February Pound Cake Project, Take Two: Perfect All-Butter Pound Cake

by moderndomestic on February 19, 2009

Beranbaum Pound Cake

It looks simple, but this all-butter pound cake was divine.

According to Larousse Gastronomique, the pound cake originated in England before traveling to France and, eventually, to America, where it became the basis for the American butter cake. The pound cake takes its name from the recipe, which originally called for a pound of eggs, a pound of flour, a pound of butter, and a pound of sugar.

Master baker Rose Levy Beranbaum used the pound cake as a starting point for developing her other cake recipes in The Cake Bible. When she created her pound cake recipe, she started with the traditional recipe and tweaked it to make the perfect, tender, buttery pound cake. Her pound cake recipe includes milk (for moisture), extra butter (for a tender crumb and excellent flavor), and baking powder (also for a tender crumb).

After making the Shirley O’Corriher pound cake, with fifteen ingredients and complicated multiple steps, Rose Levy Beranbaum’s recipe was a breeze. And I actually liked this pound cake more – I loved the deep, rich, buttery flavor of the cake, which O’Corriher’s recipe lacked. While this cake wasn’t quite as “melt-in-your” mouth as O’Corriher’s texture-wise, it was also much less sweet, which was much more to my taste.

So far, this looks like it may become my go-to recipe for pound cake, although who knows what the rest of the Pound Cake Project has in store.

Perfect Pound Cake
Adapted from The Cake Bible by Rose Levy Beranbaum


3 Tablespoons milk
3 large eggs
1 ½ teaspoons vanilla
1 ½ cups sifted cake flour
¾ cup sugar
¾ teaspoon baking powder
¼ teaspoon salt
13 Tablespoons unsalted butter, softened


Preheat your oven to 350 F. Butter an 8 inch by 4 by 2.5 inch loaf pan, or any six cup loaf or fluted tube pan.

Lightly whisk together milk, eggs and vanilla in a medium bowl.

Place dry ingredients in a large bowl and mix on low speed for 30 seconds, until blended. Add the butter and half the egg mixture, and mix until dry ingredients are moistened. On medium speed, beat for one minute. This will aerate and develop the cake’s structure. Scrape down sides.

Add the remaining egg mixture in two batches, beating for 20 seconds between each addition. Scrape down sides.

Pour batter into prepared pan. Smooth surface with a spatula. Bake for 55-65 minutes (35-45 minutes if baking in a fluted tube pan), until a wooden toothpick inserted into the center comes out clean. Let cake cool on a rack in the pan for 10 minuets before inverting onto a greased wire rack. If using a loaf pan, flip the cake over so the top is up.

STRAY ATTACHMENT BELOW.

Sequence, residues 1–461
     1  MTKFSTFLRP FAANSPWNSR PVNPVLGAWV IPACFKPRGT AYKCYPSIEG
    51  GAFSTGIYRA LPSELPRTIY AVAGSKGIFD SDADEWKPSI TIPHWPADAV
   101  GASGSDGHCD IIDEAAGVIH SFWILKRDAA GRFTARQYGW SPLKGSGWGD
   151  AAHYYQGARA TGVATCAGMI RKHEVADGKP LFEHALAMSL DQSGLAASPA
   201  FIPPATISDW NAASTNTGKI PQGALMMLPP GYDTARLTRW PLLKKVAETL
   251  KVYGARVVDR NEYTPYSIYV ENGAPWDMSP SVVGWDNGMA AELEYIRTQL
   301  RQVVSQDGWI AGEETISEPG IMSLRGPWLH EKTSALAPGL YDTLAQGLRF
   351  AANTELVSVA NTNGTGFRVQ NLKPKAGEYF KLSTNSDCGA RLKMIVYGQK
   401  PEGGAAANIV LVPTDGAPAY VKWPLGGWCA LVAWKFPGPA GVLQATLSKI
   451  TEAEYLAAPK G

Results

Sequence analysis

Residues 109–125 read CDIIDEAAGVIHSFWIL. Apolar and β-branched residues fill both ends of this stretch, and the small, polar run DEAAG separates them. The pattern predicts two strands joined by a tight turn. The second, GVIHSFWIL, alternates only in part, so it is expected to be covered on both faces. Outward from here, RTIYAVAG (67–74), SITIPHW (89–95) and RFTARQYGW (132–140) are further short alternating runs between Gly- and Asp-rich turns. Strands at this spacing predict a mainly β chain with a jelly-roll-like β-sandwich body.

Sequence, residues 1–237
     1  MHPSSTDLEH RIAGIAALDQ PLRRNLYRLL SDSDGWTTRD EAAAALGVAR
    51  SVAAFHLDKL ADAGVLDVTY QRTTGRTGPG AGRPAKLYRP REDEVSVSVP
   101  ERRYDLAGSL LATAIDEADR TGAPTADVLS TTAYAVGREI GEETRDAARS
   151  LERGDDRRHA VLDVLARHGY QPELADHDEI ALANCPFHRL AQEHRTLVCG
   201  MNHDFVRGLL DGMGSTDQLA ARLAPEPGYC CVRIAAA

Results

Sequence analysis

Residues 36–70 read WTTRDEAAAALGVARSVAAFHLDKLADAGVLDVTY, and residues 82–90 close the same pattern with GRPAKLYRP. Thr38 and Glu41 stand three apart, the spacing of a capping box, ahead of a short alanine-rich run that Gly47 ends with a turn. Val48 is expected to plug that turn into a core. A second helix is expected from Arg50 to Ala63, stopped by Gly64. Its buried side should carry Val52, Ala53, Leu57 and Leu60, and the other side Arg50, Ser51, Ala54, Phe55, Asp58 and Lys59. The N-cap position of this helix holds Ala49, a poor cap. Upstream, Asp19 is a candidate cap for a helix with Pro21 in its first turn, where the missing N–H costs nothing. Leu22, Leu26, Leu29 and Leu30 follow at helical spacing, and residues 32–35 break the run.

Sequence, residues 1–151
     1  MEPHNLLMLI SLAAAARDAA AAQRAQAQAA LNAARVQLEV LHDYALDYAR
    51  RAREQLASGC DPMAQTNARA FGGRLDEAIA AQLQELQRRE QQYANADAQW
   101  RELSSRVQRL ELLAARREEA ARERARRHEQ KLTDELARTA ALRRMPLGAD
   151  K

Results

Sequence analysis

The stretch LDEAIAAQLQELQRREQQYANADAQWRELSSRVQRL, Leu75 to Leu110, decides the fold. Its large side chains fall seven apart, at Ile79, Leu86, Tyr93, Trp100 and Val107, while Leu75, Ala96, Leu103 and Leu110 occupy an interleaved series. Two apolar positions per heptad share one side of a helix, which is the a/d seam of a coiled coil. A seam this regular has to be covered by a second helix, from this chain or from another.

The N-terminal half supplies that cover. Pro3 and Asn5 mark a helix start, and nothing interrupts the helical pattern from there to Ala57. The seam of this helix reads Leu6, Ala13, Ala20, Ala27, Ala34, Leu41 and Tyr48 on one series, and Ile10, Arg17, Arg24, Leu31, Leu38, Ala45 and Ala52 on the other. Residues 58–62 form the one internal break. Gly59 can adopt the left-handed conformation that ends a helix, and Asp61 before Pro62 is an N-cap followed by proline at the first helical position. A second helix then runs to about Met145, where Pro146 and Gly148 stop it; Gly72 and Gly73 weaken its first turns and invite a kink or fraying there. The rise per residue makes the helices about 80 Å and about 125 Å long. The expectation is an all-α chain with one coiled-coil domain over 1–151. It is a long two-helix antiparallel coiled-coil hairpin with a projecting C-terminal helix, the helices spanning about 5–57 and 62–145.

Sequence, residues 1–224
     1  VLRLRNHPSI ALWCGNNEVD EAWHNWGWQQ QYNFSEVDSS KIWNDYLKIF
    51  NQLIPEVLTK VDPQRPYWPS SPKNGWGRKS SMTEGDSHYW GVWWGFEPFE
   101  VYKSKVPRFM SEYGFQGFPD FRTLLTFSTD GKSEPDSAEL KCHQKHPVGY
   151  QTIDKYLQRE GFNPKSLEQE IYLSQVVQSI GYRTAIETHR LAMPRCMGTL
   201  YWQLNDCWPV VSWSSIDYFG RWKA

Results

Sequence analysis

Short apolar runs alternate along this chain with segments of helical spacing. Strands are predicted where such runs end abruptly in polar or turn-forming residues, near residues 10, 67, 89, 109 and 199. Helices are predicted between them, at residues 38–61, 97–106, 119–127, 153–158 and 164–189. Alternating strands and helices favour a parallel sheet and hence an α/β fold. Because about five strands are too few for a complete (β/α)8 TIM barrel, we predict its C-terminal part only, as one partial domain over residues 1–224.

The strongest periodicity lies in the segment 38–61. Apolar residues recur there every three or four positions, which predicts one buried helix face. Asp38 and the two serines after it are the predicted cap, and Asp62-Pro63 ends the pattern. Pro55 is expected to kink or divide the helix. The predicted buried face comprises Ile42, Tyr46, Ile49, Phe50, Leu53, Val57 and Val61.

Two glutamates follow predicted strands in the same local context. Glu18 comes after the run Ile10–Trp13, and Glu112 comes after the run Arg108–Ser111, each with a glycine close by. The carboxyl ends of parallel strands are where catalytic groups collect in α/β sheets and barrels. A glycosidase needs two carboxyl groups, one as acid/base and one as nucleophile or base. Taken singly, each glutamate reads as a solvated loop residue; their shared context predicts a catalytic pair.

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February Pound Cake Project Take Three: Nigella’s Lemon Not Quite Pound Cake « ModernDomestic
February 25, 2009 at 2:30 pm
Last-Minute Easter Desserts « ModernDomestic
April 10, 2009 at 8:15 am

{ 4 comments… read them below or add one }

culinspiration March 18, 2009 at 9:39 am

If I wanted to make this into a lemon pound cake, could I sub 3 tsp. lemon juice for the milk, and add lemon zest? I just made a lemon-cornmeal cake, and although it was delicious, it quickly got dry. I want to try something similar with a pound cake.


joshuaadelaide March 9, 2010 at 12:28 am

All time favorites include white cake with chocolate frosting, chocolate cake with white frosting and carrot cake.
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Roger July 26, 2011 at 7:49 am

I’m relatively new to pound cake, but all the recipes I’ve seen start with a cold oven, where this one preheats the oven. What’s the difference?


moderndomestic July 27, 2011 at 12:15 pm

Cold-oven pound cake is a specific type of pound cake recipe that was developed in the last century – I saw a segment on it on Cooks County (the recipe they used is here, but it’s behind a pay wall). I honestly don’t remember why the recipe calls for it to be started in a cold oven – I think it was some kind of promotion related to a new type of oven on the market.

I don’t know if a cold oven pound cake would work in a hot oven – because heat activates leaveners (like baking powder) in the batter, I think a cold oven recipes should be formulated differently than a hot-oven recipe. But it might be worth investigating!


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